NOTE: the following contains spoilers for Naomi Alderman’s The Power. The novel was published in 2016, though, so if you haven’t yet read it, where have you been?
“Something’s happening. The blood is pounding in her ears. A prickling feeling is spreading along her back, over her shoulders, along her collarbone. It’s saying: you can do it. It’s saying: you’re strong.”
The premise behind Naomi Alderman’s The Power is at once simple and paradigm-shifting: one day, in a world like our own, teenage girls around the globe discover that they can harness enormous electrical power with a flick of their fingers. Using this power, generated by a specially adapted muscle named the “skein”, women can inflict enormous pain, even death, upon anyone they touch. Before long, the patriarchal status quo is subverted beyond recognition: men are left behind by an evolutionary process that they cannot comprehend and are unable to replicate or control, while women forge a new world in which a shift in gender dynamics facilitates not only physical dominance, but also immense social and political power.
I first read The Power in October 2017 – the same week that the (still ongoing) Harvey Weinstein scandal broke, and the #metoo movement started to gather momentum. At the start of the week, the novel was simply a bit of light reading recommended by an old student. By the end of the week, it felt like a vital response to real-world horrors of sexual assault and toxic masculinity. The novel isn’t perfect – there are some structural issues and leaps of narrative logic that jar somewhat (more on that in a moment) – but it IS a masterpiece. And over the last year or so, its messages and themes have taken on even greater significance.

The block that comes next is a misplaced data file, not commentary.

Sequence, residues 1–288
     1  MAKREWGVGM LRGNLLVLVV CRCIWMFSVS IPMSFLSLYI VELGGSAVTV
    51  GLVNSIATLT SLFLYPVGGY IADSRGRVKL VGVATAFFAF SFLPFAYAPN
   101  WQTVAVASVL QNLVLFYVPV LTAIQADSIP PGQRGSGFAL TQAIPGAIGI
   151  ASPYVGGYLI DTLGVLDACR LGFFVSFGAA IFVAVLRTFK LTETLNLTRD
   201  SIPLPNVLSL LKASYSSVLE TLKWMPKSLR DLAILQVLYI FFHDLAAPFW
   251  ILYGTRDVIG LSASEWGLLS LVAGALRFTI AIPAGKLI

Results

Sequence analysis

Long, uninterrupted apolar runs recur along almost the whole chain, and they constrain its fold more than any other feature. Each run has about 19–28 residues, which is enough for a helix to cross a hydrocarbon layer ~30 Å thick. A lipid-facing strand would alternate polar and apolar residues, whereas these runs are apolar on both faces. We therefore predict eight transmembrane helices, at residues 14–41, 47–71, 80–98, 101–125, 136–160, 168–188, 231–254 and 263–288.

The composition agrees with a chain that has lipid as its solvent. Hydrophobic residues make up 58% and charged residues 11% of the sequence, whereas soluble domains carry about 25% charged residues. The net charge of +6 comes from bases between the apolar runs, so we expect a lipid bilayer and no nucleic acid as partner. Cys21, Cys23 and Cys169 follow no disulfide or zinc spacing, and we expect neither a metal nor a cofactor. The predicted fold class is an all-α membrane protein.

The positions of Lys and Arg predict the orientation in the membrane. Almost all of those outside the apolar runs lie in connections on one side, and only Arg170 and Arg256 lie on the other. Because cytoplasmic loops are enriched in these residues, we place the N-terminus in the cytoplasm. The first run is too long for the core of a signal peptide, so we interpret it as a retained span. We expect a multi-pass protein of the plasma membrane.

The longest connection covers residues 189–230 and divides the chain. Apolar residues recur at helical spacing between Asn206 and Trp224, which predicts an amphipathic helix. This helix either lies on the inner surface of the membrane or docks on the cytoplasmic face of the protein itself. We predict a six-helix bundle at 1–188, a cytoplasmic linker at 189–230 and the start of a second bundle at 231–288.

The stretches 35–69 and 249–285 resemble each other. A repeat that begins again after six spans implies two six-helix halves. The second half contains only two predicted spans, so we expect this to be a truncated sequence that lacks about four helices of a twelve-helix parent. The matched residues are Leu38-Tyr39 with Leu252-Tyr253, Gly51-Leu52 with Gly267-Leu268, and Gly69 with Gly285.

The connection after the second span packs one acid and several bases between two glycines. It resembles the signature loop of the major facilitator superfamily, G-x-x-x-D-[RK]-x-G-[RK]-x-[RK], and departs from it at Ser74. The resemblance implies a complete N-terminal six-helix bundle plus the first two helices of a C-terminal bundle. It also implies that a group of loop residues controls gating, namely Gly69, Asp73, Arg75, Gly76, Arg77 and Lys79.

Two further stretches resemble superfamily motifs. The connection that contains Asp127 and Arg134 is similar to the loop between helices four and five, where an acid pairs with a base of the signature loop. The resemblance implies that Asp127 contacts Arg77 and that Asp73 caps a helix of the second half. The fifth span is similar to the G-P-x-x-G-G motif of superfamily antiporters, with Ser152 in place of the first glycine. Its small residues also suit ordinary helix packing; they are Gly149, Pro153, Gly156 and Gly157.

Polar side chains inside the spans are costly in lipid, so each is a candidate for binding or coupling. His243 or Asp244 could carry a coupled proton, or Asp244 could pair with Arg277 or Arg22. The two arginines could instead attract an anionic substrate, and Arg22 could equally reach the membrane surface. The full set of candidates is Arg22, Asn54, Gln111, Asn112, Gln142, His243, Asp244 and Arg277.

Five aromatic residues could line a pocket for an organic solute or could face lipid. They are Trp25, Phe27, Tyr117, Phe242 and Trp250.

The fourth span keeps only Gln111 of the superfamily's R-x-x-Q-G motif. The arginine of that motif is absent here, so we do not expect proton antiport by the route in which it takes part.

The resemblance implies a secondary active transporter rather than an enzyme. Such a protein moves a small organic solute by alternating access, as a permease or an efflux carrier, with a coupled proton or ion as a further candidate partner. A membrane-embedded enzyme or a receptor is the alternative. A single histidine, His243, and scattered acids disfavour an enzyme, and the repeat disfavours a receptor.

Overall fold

For me, the most fascinating aspect of the novel is that the skein itself is not, ultimately, what grants women true power. It helps, certainly, in an immediate and self-preserving sense borne out by several instances of women electrocuting male attackers, but by the end it’s just a tool – one of many – that catalyses female community. Another electrical tool that helps? The internet. In the wake of “the Power” emerging, one of the first signs of global change (and the indicator which gives men cause to panic) is the proliferation of videos, on social media and on web forums, of women using their newfound abilities.